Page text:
Southern Historical Society Papers/Volume 01/March/Mr. Blaine's Arraignment

Southern Historical Society Papers, March 1876


Vol. I.

Richmond, Va., March, 1876.

No. 3.


[Compiled by Secretary of Southern Historical Society.]

There is, perhaps, no subject connected with the late war which more imperatively demands discussion at our hands than the Prison Question. That the Confederate Government should have been charged in the heat of the passions of the war with a systematic cruelty to prisoners was to be expected. The pulpits, the press, and the Government reports, which were so busy denouncing "Rebel barbarities" that they had no censure for the McNeils, the Turchins, the Butlers, the Milroys, the Hunters, the Shermans, and the Sheridans, who, under the flag of "Liberty," perpetrated crimes which disgrace the age, were not to be expected to be over scrupulous in originating and retailing slanders against the Government and people of the South. But it was hoped that after the passions of the war had cooled, and the real facts had become accessible, that these sweeping charges would be at least modified, and these bitter denunciations cease.

We have been doomed to a sad disappointment. The leader of the Radical party (Mr. Blaine) has recently in his place in the United States Congress revived all of the charges which twelve years ago "fired the Northern heart," and has marred the music of the "Centennial chimes," with such language as this:

"Mr. Davis was the author, knowingly, deliberately, guiltily and wilfully, of the gigantic murder and crime at Andersonville. And I here, before God, measuring my words, knowing their full extent and import, declare that neither the deeds of the Duke of Alva in the Low countries, nor the massacre of Saint Bartholomew, nor the thumb-screws and engines of torture of the Spanish Inquisition, begin to compare in atrocity with the hideous crimes of Andersonville."

He then quotes and endorses the following extract from the report of the ex parte committee of Congress who examined this question at a time when passion was at its flood tide:

"The subsequent history of Andersonville has startled and shocked the world with a tale of horror, of woe and death before unheard and unknown to civilization. No pen can describe, no painter sketch, no imagination comprehend its fearful and unutterable iniquity. It would seem as if the concentrated madness of earth and hell had found its final lodgment in the breasts of those who inaugurated the rebellion and controlled the policy of the Confederate Government, and that the prison at Andersonville had been selected for the most terrible human sacrifice which the world had ever seen. Into its narrow walls were crowded thirty-five thousand enlisted men, many of them the bravest and best, the most devoted and heroic of those grand armies which carried the flag of their country to final victory. For long and weary months here they suffered, maddened, were murdered and died. Here they lingered, unsheltered from the burning rays of a tropical sun by day, and drenching and deadly dews by night, in every stage of mental and physical disease, hungered, emaciated, starving, maddened; festering with unhealed wounds; gnawed by the ravages of scurvy and gangrene; with swollen limb and distorted visage; covered with vermin which they had no power to extirpate; exposed to the flooding rains which drove them drowning from the miserable holes in which, like swine, they burrowed; parched with thirst and mad with hunger; racked with pain or prostrated with the weakness of dissolution; with naked limbs and matted hair; filthy with smoke and mud; soiled with the very excrement from which their weakness would not permit them to escape; eaten by the gnawing worms which their own wounds had engendered; with no bed but the earth; no covering save the cloud or the sky; these men, these heroes, born in the image of God, thus crouching and writhing in their terrible torture and calculating barbarity, stand forth in history as a monument of the surpassing horrors of Andersonville as it shall be seen and read in all future time, realizing in the studied torments of their prison-house the ideal of Dante's Inferno and Milton's Hell."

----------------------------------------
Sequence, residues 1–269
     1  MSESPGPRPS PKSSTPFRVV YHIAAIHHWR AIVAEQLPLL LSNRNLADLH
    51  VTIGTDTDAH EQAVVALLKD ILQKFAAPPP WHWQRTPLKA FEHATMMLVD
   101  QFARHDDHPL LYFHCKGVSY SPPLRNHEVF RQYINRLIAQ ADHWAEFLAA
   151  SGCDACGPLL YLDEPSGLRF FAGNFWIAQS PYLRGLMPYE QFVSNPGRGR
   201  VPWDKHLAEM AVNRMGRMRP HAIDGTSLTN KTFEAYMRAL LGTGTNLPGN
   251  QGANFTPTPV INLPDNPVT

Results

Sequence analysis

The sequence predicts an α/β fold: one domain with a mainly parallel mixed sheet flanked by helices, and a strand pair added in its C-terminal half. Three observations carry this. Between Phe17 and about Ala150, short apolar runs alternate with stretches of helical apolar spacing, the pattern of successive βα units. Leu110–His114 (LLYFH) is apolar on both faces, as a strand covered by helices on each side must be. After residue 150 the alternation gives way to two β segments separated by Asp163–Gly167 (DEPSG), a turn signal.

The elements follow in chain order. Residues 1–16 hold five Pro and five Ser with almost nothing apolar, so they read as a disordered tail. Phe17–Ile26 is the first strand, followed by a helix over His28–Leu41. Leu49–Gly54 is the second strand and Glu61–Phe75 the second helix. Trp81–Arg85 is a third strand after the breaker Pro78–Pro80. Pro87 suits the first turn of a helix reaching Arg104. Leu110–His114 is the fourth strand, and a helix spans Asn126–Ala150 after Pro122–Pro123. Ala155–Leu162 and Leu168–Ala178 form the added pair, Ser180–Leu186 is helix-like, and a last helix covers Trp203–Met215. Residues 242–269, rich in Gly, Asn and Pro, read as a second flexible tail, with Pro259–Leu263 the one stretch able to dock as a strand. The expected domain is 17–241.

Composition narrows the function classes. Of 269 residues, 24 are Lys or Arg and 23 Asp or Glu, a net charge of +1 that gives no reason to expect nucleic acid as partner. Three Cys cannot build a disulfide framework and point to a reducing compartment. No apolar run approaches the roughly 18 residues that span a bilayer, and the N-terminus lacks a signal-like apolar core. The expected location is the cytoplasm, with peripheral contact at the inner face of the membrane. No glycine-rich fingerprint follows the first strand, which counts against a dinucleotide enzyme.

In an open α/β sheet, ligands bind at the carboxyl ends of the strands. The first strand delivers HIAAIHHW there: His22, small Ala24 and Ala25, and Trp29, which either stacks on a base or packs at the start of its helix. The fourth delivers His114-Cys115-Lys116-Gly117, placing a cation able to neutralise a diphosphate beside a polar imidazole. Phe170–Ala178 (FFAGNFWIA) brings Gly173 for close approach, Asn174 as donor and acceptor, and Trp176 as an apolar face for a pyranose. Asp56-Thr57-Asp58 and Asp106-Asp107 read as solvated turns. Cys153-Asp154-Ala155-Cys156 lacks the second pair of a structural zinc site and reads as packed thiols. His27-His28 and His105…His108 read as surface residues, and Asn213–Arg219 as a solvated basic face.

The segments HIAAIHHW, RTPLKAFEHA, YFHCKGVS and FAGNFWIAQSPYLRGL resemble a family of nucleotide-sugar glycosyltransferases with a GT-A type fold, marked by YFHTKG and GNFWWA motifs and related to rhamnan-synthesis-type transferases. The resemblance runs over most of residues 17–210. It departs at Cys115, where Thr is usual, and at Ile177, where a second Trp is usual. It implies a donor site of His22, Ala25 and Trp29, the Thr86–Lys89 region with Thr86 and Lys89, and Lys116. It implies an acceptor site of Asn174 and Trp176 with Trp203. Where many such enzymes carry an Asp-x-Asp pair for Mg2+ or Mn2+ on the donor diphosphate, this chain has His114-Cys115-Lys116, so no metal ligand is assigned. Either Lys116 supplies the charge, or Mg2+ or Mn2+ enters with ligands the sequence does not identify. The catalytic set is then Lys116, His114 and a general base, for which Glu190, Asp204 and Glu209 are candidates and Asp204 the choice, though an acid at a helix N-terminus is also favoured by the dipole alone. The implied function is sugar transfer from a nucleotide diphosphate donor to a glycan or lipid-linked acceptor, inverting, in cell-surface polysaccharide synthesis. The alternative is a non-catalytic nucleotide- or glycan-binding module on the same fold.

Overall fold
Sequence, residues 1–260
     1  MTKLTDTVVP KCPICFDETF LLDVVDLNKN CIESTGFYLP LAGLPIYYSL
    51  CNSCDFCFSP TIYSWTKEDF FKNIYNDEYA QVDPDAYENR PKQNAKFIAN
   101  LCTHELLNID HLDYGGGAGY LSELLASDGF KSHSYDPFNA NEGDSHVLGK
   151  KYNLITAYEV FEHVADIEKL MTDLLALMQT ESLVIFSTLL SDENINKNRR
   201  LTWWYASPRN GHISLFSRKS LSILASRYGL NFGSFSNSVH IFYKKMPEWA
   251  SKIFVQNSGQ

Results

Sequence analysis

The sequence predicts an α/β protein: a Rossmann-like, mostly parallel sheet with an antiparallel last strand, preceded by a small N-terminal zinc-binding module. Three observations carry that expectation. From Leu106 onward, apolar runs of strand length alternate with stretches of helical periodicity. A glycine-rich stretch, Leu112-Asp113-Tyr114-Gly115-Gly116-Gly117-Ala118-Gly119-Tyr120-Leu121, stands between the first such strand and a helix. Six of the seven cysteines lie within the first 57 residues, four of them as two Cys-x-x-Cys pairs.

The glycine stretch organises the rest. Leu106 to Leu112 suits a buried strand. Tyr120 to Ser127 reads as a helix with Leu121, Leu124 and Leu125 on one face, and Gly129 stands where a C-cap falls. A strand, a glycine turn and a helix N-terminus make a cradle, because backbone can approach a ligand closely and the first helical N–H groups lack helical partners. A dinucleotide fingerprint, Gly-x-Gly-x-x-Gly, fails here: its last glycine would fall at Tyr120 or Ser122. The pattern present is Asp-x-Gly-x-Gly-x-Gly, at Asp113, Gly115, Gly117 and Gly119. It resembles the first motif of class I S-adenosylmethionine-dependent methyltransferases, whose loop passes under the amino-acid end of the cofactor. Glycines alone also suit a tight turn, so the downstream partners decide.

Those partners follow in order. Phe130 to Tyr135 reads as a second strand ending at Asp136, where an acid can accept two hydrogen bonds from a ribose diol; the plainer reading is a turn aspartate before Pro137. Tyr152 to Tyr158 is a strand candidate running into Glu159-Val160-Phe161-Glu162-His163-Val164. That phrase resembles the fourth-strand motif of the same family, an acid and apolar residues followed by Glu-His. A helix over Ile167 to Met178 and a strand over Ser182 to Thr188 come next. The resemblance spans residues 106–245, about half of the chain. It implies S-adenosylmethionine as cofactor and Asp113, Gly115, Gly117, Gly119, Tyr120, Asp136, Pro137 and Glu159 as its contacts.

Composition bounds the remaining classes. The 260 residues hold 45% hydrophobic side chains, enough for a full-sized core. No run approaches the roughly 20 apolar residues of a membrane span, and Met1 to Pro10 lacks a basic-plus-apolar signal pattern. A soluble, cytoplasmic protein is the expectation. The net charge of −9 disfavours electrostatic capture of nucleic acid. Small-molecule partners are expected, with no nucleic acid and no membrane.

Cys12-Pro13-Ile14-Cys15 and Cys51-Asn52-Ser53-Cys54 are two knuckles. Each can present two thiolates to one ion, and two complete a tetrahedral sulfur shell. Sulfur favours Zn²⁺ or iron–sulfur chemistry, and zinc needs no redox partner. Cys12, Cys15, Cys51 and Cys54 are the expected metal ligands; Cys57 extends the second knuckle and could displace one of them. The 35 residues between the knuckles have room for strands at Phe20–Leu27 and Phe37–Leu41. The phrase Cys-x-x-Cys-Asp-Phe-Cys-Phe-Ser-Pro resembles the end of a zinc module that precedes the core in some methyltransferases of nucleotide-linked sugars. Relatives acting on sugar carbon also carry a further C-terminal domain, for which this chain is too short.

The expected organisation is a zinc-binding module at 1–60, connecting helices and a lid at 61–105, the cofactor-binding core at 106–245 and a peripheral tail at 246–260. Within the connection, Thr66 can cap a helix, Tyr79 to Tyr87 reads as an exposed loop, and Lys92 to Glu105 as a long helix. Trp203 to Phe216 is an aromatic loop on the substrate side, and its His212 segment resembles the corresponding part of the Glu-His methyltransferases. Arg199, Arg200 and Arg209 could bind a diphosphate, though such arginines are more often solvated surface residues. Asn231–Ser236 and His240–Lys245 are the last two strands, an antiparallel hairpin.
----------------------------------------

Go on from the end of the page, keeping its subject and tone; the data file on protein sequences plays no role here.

So industriously have these statements been circulated—so generally have they entered into the literature of the North—so widely have they been believed, that the distinguished gentleman from Georgia (Hon. B. H. Hill), who ventured upon a calm reply, in which he ably refuted the assertions of Mr. Elaine, has been denounced by the Radical press as a "co-conspirator with Jeff. Davis to murder Union prisoners," and has been told by even some of our own papers that his speech was "very unfortunate."

As we have in the archives of our Society the means of triumphantly vindicating the Confederate Government from the charge of cruelty to prisoners, as we have been appealed to by leading men North and South and in Europe to give the facts in reference to this matter, and as the present seems an opportune time, we have decided to enter upon the task.

We have only to premise that our work is mainly one of compilation, and that our chief difficulty is which documents to select from the vast number which we have in our collection.